The future of transportation technology

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At TechFestNW, the transit track presented ideas on how technology is, and could be, used to create a safer, smarter, more ecologically friendly, more equitable and overall better transportation infrastructure and systems.

Among the presenters were:

Nat Parker – CEO of moovel North America

Nicole Rennalls – Innovation Manager at Tektronix

David Block-Schachter – CTO of the MBTA

David Bragdon – Executive Director of TransitCenter

Given its prominence in current national discourse, and recent news coverage for the fatality in Arizona, autonomous vehicles and their impact on society were a major focus. The loose consensus was that an autonomous transportation system could make society more productive and equitable. The biggest hurdle is on the cultural/regulatory side of the equation as we try and collectively figure out how much autonomous error we are comfortable with and how we will have to redesign urban, suburban and exurban spaces to accommodate the new technology.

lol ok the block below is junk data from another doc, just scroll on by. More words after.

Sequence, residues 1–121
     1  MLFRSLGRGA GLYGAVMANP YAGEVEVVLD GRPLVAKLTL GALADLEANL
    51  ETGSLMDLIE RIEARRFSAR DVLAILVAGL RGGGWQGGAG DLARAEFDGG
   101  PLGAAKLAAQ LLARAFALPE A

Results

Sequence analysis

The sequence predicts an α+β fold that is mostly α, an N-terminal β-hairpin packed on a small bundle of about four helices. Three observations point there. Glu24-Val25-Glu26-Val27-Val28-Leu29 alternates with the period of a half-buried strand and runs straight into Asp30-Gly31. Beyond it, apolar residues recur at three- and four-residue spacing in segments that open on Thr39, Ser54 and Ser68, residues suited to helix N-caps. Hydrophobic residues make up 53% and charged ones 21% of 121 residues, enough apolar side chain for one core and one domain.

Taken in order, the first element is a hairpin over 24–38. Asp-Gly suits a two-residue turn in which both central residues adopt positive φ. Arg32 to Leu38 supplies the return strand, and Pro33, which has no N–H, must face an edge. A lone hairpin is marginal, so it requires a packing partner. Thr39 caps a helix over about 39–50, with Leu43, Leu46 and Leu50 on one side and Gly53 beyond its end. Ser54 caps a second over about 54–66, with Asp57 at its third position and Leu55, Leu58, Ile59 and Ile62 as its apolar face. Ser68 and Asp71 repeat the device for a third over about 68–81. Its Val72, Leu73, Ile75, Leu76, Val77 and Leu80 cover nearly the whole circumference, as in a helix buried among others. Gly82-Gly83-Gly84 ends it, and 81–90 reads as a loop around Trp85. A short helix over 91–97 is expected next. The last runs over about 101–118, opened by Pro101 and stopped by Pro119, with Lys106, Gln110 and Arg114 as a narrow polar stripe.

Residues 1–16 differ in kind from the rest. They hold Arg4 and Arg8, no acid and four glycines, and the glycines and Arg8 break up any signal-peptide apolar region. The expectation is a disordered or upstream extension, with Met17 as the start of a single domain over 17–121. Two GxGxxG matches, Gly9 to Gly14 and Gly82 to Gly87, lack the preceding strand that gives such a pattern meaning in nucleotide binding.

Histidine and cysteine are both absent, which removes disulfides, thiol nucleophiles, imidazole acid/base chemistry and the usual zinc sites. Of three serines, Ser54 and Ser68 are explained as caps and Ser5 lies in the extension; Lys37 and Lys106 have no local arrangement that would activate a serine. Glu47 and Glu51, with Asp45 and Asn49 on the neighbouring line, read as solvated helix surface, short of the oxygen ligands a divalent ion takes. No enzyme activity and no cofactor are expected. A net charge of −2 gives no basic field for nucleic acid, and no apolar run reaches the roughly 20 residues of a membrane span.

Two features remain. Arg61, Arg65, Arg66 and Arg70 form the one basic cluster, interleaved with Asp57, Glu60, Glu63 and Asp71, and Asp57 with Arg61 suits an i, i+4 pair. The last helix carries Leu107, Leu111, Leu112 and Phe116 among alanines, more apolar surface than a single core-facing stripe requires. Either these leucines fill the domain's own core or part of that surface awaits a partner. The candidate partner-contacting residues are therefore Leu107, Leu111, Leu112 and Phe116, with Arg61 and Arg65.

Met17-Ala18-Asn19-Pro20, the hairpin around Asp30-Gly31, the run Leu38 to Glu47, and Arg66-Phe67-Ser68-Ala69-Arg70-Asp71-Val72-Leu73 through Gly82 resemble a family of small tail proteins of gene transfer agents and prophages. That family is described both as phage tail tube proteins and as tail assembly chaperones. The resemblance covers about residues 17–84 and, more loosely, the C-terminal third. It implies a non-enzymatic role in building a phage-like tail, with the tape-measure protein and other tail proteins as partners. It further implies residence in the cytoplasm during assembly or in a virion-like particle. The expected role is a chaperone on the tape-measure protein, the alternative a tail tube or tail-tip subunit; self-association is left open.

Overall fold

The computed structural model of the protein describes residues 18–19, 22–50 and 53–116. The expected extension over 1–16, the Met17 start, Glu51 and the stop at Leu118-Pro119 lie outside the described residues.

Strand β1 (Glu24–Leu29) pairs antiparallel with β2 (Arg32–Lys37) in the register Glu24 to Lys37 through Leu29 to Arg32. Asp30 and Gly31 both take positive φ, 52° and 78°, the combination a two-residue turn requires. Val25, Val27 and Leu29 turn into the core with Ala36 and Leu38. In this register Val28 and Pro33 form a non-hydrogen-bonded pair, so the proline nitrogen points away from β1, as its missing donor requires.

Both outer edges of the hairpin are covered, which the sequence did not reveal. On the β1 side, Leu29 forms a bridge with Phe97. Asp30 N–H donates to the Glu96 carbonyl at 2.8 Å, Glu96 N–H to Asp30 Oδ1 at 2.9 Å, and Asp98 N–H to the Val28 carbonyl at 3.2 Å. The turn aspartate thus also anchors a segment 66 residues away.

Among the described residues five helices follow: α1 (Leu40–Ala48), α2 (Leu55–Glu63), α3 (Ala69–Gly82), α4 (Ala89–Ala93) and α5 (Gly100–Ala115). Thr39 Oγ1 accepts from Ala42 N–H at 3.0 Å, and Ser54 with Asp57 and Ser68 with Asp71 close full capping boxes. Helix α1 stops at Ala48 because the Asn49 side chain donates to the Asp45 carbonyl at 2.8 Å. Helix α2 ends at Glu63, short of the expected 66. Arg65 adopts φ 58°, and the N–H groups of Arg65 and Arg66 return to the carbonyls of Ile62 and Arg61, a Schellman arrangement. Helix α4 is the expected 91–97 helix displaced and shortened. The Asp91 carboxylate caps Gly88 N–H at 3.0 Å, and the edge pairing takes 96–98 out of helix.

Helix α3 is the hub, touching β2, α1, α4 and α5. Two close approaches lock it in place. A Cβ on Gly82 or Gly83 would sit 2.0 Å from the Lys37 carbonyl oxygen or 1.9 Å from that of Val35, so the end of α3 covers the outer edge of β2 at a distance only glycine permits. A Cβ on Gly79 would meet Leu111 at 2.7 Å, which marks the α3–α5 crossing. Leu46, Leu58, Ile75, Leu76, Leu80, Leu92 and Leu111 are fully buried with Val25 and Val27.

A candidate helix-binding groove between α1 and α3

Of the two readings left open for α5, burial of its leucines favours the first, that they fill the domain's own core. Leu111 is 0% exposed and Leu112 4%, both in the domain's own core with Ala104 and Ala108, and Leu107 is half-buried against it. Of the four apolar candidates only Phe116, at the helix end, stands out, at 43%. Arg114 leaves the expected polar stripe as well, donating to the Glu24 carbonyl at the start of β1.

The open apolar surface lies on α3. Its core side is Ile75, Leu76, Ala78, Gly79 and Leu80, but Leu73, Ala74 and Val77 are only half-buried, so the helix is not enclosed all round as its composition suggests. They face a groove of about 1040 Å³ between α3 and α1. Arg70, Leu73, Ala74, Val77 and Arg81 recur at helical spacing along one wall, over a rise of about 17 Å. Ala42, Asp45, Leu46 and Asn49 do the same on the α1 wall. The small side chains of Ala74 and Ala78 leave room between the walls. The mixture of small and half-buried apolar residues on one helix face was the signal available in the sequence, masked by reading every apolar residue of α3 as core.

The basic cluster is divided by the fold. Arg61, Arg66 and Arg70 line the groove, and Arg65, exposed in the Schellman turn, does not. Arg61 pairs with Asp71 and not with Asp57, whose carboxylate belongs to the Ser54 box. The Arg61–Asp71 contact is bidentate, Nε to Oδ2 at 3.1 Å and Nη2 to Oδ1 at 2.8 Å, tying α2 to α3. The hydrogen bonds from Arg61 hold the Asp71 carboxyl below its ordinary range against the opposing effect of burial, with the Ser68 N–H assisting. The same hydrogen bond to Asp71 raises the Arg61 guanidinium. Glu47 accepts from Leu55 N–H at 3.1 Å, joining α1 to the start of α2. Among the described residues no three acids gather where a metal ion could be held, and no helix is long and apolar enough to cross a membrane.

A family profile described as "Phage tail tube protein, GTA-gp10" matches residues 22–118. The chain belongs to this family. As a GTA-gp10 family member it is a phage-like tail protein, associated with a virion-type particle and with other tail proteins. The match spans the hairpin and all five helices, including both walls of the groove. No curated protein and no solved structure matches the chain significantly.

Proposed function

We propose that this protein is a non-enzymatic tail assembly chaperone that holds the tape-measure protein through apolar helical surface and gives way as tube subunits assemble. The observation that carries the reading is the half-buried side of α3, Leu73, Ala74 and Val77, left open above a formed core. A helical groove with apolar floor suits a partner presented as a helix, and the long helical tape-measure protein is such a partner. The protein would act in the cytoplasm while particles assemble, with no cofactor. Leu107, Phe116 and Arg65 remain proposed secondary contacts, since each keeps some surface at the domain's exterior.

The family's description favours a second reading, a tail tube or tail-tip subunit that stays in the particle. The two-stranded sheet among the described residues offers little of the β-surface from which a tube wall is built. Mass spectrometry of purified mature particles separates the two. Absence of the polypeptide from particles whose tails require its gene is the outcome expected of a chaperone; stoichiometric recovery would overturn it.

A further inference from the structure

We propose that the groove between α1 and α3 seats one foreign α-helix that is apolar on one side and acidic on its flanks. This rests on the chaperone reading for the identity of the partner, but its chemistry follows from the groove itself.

List of three of the "Smart Transet Bill of Rights"

In relation to autonomous vehicles, connectivity of transportation systems will be a new frontier for technology. Smart roads talking to smart cars. Government entities making data open and available for private (and competing) transit startups.

The extent to which we’ve overstated the tech revolution on transportation was also discussed. David Bragdon of the TransitCenter proposed that the revolution of ride hailing apps like Uber and Lyft aren’t in the mobile technology, but in the regulatory changes they’ve precipitated. His co-presenter, David Block-Schachter, summed it up well by stating, “The goal is to give people equitable access to get to where they need to go. Sometimes this means getting technology the hell out of the way.”

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